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close this book2020 vision focus 4 - Promoting Sustainable Development in Less-favored Areas (IFPRI, 2000, 18 p.)
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View the documentBrief 1 of 9 - November 2000 - Overview
View the documentBrief 2 of 9 - November 2000 - Technologies for the East African Highlands
View the documentBrief 3 of 9 - November 2000 - Technologies for the Tropical Andes
View the documentBrief 4 of 9 - November 2000 - Technologies for the Southeast Asian Uplands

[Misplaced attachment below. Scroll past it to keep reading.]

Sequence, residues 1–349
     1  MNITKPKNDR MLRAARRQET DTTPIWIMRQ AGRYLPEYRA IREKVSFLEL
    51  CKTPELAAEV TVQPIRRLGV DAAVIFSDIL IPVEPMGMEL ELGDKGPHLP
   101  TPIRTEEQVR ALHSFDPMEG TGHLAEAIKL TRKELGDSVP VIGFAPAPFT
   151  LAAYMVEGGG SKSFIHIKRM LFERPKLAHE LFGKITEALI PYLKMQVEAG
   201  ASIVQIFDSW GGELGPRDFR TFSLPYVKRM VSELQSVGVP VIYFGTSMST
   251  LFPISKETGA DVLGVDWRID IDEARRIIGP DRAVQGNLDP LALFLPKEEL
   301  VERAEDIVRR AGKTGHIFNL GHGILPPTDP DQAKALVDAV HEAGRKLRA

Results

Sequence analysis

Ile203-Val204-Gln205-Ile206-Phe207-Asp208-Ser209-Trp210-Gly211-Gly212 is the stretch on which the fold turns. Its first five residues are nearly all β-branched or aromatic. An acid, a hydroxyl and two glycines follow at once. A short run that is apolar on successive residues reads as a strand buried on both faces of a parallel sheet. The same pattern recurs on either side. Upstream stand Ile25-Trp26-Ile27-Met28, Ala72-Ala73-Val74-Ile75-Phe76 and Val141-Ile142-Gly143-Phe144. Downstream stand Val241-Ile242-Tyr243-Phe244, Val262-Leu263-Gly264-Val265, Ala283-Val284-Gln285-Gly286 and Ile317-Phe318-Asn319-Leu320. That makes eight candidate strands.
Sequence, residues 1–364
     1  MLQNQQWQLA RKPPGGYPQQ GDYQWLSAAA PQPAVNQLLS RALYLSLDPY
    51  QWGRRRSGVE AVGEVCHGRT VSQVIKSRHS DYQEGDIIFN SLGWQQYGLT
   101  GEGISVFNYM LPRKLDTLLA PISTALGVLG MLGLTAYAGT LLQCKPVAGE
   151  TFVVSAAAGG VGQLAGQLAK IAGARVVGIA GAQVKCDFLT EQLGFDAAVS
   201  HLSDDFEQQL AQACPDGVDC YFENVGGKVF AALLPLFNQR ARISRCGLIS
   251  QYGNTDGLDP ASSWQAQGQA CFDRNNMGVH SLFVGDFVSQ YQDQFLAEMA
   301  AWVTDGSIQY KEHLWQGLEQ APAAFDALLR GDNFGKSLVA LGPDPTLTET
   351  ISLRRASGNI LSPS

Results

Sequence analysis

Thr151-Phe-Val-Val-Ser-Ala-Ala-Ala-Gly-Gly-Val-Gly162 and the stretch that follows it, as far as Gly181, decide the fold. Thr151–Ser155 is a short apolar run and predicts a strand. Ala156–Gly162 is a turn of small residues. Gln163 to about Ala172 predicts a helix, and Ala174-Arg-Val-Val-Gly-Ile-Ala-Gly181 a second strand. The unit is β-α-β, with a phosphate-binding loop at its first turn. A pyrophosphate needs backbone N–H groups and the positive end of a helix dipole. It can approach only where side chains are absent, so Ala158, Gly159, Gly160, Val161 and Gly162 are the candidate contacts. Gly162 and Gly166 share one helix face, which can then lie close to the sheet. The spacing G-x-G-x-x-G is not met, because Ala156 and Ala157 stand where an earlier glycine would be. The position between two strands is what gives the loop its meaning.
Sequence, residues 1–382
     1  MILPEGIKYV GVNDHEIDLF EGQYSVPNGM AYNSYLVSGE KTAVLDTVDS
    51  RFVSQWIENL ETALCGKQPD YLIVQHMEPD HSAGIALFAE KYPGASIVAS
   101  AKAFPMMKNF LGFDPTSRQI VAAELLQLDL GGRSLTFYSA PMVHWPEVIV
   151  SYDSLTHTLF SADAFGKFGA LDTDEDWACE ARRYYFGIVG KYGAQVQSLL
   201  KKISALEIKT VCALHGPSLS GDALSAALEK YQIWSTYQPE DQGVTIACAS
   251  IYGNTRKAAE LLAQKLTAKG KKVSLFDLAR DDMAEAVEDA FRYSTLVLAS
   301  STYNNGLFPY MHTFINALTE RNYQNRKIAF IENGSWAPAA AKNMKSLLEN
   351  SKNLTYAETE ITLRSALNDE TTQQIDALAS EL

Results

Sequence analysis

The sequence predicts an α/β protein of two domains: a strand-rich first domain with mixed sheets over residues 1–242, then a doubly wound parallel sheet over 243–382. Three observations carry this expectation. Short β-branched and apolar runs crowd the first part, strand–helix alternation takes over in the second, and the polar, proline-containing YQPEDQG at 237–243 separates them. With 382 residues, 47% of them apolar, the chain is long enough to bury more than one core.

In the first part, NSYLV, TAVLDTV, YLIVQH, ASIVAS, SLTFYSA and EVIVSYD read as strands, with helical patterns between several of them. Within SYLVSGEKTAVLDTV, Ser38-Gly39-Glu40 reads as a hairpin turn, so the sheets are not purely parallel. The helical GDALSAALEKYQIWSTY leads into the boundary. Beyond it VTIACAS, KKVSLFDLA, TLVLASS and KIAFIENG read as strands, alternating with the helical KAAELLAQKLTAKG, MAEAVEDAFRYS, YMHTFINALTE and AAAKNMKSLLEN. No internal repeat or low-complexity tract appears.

View the documentBrief 5 of 9 - November 2000 - Returns to Public Investment: Evidence from India and China
View the documentBrief 6 of 9 - November 2000 - Development Strategies for Semiarid South Asia
View the documentBrief 7 of 9 - November 2000 - Development Strategies for the East African Highlands
View the documentBrief 8 of 9 - November 2000 - Development Strategies for West Africa
View the documentBrief 9 of 9 - November 2000 - The Role of Agricultural Science

Brief 5 of 9 - November 2000 - Returns to Public Investment: Evidence from India and China

Shenggen Fan and Peter Hazell

Shenggen Fan is a senior research fellow in and Peter Hazell is director of the Environment and Production Technology Division at IFPRI.